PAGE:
Cynthia Wright is an avid lover of all things geeky. When she isn’t freelancing, she can be found on her blog BGA Life and on Twitter at @cynisright.
(Daily Finance) — Banks received some long-awaited news last week: theFederal Reserve voted to cap feescharged to retailers on debit card transactions at roughly 24 cents per transaction, down from an average of 44 cents. Financial institutions had feared the Fed’s initial proposal of a 12 cent cap would go through, which would have been a buzz cut — a 73% revenue loss in what trade groups estimate amounts to a $20.5 billion a year income stream for banks. The Fed also delayed implementation of the new rule until October, yet another sign of the long, heavily lobbied debate.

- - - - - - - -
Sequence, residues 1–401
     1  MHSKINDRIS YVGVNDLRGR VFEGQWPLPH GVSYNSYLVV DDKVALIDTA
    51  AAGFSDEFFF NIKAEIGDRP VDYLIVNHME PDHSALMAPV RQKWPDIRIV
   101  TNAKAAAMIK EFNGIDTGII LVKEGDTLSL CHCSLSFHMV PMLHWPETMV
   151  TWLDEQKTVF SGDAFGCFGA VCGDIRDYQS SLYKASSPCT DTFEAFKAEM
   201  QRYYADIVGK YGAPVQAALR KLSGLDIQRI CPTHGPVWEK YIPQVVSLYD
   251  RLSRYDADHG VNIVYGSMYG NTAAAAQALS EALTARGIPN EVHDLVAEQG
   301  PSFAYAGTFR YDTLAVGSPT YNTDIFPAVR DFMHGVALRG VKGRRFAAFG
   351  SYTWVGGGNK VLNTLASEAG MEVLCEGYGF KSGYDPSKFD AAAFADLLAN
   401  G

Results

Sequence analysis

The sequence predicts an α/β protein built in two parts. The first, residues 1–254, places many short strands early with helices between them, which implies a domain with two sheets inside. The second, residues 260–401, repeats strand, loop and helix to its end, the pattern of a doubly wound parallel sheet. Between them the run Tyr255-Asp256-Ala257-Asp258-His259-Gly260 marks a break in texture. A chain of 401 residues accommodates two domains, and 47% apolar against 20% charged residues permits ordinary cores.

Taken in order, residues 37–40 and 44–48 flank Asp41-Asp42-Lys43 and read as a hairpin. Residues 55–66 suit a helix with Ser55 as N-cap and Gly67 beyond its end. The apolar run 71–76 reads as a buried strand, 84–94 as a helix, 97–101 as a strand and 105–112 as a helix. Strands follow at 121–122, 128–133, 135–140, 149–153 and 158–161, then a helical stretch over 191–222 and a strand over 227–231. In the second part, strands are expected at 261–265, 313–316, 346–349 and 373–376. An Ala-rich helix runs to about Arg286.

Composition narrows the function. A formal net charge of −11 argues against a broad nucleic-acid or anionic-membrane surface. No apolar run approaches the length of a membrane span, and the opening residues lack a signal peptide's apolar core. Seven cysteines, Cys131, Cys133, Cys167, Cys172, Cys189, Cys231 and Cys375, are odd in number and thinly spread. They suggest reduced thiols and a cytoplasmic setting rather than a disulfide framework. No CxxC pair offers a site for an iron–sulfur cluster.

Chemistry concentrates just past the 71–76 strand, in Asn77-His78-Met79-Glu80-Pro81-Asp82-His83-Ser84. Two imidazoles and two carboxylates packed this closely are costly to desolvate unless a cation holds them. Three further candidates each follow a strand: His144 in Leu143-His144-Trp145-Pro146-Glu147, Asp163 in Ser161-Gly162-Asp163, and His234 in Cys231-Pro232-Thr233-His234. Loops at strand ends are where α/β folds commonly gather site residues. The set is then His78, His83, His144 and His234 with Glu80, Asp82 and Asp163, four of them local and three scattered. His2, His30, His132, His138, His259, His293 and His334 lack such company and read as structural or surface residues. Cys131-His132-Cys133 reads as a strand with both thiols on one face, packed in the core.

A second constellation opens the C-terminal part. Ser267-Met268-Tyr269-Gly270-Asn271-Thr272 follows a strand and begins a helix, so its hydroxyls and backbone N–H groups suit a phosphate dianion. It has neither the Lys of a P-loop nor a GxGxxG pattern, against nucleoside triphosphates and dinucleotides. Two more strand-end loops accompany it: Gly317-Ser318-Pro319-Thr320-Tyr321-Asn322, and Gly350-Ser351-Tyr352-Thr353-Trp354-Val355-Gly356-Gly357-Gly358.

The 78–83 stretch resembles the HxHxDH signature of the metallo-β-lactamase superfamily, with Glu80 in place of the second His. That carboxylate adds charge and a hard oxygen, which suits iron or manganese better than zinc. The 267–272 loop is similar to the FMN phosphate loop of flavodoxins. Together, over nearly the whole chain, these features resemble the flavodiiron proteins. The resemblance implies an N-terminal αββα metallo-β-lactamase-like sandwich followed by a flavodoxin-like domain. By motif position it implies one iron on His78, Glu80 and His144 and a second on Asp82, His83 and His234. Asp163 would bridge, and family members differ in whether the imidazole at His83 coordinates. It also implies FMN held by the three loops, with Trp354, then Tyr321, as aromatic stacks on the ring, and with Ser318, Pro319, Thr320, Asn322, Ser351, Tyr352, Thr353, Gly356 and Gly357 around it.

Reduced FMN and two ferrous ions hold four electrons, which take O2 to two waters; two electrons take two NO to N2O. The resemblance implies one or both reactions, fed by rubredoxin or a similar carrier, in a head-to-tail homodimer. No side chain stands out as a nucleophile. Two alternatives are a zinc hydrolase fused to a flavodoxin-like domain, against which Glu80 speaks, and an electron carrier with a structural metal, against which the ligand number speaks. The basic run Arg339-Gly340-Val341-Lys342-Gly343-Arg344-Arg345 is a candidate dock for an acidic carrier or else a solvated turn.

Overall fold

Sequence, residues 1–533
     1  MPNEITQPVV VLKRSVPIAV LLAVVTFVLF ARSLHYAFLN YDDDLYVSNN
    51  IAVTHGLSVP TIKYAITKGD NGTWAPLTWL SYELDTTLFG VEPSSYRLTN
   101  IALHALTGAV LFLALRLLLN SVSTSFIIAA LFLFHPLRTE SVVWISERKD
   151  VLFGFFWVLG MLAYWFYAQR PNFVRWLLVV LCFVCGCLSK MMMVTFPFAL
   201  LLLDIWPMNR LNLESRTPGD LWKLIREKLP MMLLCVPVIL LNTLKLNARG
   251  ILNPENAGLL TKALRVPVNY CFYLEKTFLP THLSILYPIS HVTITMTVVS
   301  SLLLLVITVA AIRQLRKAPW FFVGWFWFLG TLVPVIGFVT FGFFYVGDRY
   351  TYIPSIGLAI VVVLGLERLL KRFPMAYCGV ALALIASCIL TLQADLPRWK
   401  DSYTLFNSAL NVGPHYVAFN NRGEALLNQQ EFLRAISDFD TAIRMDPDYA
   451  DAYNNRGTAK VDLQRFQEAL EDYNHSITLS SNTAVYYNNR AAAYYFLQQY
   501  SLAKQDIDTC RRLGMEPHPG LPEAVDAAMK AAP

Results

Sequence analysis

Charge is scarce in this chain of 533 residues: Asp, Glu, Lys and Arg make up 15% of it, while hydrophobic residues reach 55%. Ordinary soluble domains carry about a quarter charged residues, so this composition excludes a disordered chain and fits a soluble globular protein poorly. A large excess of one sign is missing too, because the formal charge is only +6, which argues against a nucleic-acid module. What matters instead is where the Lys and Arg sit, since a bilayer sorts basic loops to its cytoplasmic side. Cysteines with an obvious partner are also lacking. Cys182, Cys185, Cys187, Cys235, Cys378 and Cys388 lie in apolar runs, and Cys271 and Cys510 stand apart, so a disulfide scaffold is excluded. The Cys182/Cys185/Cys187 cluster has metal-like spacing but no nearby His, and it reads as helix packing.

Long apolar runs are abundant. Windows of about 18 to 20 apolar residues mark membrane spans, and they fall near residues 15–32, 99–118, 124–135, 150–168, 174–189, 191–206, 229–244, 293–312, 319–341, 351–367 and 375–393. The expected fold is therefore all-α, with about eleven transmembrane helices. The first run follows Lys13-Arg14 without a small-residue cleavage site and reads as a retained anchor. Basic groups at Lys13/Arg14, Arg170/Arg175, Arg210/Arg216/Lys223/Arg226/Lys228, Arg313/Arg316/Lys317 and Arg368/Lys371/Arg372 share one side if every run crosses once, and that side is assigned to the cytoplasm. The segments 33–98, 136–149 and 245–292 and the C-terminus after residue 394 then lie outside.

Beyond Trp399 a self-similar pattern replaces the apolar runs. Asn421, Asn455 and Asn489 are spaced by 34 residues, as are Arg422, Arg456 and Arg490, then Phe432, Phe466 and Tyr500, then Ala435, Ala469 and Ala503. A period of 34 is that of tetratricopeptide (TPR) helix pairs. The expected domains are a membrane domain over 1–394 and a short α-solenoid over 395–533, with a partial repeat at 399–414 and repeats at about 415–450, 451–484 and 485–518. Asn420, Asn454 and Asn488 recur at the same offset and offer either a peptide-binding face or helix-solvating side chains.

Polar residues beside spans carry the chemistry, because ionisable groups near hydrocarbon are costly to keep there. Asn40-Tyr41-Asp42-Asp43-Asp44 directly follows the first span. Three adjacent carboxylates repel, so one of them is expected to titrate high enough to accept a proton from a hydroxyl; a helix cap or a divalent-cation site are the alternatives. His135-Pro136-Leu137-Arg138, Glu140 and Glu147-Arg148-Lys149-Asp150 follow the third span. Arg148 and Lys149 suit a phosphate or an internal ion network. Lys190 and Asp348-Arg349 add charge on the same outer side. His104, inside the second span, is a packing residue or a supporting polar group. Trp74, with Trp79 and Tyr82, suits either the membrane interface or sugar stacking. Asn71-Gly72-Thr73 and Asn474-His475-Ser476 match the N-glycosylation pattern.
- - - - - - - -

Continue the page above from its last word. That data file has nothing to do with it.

(New York Times) — Fees paid by retailers to banks for debit card purchases, a $20 billion annual expense that has been the subject of a furious political battle over the last year, will be cut in half after the Federal Reserve voted Wednesday to cap the charges. The cap was mandated last year in the Dodd-Frank financial regulation law, but the Fed action was far less draconian than bankers had feared. The new cap of 21 to 24 cents a transaction, down from an average of 44 cents before the law passed, is roughly double the 12 cents tentatively proposed by the Fed last December. Consumers are unlikely to see any immediate change at the register because they do not pay the fees directly. But merchants have complained that as the cost of debit fees — a charge for processing payments — has risen in recent years, they have had to add it to the prices they charge.